But on Monday morning, the prospect of hauling up off the floor, let alone facing a work day, was too much. I stared at the ceiling and heard myself say “Oh God. What’s the point? I just want to die in my sleep.”
Then, a threadbare little waltz came to mind. It sawed along over and over, refusing to go away. After a while, the lyrics floated to memory: a hymn sung by sweet Mrs. Kirkland, on an episode of “Tiny Notes from Home”:
I must tell Jesus all of my trials;
I cannot bear these burdens alone;
In my distress He kindly will help me;
He ever loves and cares for His own.
That old chestnut was not even a favorite of mine. The message seemed a forlorn last resort for people alone in little studio rooms, sleeping on the floor in a blankie. Just how did Jesus plan to bear my burden of getting up and going to work today? That thought provoked a lot of annoyance while I tried to languish in peace, forcing myself to not scratch my itching fidgety ankles while that tiresome ditty inchwormed right along:
I must tell Jesus! I must tell Jesus!
I cannot bear my burdens alone;
I must tell Jesus! I must tell Jesus!
Jesus can help me, Jesus alone.
Next an interrupting thought flashed to mind, like a news bulletin: “Cast thy burden upon the Lord, and he shall sustain thee.” A really good Christian would know the chapter and verse. A minimally better Christian would have gotten up and tracked down the quote, but I was too tired to care. Still, this verse and tune did make me wonder. What if I did tell Jesus? Which slice of this whole fatigue pie would I even talk about?
An instant idea dawned: I could tell Jesus through a reliable proxy. I could share the burden now, by walking in to the Urgent Care Clinic and saying “My ankles itch like mad.”
“Golf Course Allergy” seemed a petty reason to trouble the providers down at Urgent Care. But I double-hand rolled off the floor, emailed the office for a sick day, and called the clinic. They booked me a 15 minute slot for 6:30 that evening. A same day appointment! That was a very meaningful stroke of luck. Feeling lighter and more hopeful, I soaked my ankles and went right back to sleep.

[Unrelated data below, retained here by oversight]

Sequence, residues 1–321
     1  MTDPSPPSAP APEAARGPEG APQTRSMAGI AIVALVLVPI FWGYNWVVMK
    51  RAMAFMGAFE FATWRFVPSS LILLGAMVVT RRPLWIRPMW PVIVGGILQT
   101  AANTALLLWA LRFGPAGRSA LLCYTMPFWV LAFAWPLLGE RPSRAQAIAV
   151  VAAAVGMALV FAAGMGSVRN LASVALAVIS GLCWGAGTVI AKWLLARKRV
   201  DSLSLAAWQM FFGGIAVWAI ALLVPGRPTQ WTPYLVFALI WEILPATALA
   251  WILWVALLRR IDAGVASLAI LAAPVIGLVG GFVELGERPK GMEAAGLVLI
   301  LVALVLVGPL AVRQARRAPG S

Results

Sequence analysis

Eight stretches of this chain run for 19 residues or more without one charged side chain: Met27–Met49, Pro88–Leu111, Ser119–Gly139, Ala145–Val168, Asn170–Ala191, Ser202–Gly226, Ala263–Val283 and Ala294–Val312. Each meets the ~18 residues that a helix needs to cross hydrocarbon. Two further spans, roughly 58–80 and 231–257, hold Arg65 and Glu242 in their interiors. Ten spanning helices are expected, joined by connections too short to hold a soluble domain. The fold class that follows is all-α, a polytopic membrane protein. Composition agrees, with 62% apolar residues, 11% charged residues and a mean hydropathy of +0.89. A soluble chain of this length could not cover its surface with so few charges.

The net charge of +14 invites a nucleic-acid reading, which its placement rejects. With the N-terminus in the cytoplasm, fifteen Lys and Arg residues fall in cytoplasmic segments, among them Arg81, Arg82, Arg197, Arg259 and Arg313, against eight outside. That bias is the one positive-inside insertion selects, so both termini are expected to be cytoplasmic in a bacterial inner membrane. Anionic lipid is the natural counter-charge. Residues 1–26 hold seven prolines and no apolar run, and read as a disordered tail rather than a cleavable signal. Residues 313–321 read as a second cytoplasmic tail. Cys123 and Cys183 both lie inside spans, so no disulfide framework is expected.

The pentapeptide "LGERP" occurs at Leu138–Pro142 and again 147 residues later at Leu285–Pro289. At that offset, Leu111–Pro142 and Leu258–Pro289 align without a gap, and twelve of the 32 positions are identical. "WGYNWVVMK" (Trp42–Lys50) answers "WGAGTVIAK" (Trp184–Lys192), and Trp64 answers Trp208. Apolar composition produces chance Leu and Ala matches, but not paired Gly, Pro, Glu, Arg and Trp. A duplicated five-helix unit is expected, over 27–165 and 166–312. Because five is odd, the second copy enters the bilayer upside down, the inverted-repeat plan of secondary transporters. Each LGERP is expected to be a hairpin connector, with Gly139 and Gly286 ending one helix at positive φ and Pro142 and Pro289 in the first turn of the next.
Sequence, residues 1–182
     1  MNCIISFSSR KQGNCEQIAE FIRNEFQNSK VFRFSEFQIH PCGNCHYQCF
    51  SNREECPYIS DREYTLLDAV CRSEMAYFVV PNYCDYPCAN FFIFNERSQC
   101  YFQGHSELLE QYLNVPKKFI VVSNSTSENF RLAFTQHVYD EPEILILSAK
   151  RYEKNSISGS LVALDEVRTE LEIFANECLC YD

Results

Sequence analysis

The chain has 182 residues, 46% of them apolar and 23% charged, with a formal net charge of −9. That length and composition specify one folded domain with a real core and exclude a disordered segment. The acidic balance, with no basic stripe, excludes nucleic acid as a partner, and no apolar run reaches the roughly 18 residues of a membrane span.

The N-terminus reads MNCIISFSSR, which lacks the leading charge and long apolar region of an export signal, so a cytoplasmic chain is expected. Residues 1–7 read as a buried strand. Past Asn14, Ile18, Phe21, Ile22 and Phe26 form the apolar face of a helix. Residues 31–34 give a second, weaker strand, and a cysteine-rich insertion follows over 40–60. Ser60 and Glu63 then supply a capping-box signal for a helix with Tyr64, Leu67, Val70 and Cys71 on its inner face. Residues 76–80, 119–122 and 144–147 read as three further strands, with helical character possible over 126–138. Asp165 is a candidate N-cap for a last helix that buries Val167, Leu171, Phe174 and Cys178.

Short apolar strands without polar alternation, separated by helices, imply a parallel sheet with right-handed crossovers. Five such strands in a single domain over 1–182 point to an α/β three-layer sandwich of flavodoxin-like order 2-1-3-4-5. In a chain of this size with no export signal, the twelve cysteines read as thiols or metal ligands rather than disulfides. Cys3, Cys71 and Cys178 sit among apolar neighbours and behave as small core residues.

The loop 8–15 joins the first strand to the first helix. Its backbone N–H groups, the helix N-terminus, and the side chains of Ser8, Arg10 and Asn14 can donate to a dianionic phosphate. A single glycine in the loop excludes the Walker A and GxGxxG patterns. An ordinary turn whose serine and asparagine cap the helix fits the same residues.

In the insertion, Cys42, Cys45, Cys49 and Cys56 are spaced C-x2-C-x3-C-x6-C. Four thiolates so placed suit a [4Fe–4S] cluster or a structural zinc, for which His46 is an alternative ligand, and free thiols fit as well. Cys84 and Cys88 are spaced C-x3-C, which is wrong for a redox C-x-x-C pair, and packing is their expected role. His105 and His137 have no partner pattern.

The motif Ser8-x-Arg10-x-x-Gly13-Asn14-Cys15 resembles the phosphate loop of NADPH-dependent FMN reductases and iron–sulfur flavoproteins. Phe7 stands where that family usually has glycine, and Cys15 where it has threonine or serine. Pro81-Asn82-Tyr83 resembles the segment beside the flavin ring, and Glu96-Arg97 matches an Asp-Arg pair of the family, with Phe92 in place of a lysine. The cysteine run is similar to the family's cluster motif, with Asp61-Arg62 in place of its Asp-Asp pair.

For medical appointments it’s a good idea to check in at least an hour early in case somebody else cancels. For a 5:15 arrival, by 4:00 I was standing on a city street packed with commuters, at a busy intersection serving several lines of buses. The scene felt too loud and glaring. It was hard to balance, to turn, to walk a straight line. It was harder to predict and to merge with the rhythm of the crowd. Before I could scramble out of the way, a jogger body-slammed right into me, stammered an apology, and sped onward.
Urgent Care runs on triage. People like me with our own reserved appointments are the privileged ones. We have symptoms stable enough for advanced planning, we speak some English or arranged for an interpreter, we have the technology and skills to make a phone call or navigate to the website for online booking. Any appointment comes with an understanding: anyone who feels worse than I do can walk right in and jump the line. That’s exactly what happened. People with complex medical issues arrived at 6:30, 6:40, 6:41, 6:50, on and on. In the waiting room, each time the name MARY crept up the list to the top of the electronic screen, with estimated wait as 0 minutes, suddenly other names would appear above mine and other patients and their families were whisked in to see the doctors. The wait crept on with a rising level of suspense. Closing time was 8:00. Sometimes patients had to be sent home to try again next day. But in another ray of good fortune, the valiant clinic staff called me in at 8:15 for a last encounter with a hard-worked but resolute vigilant physician.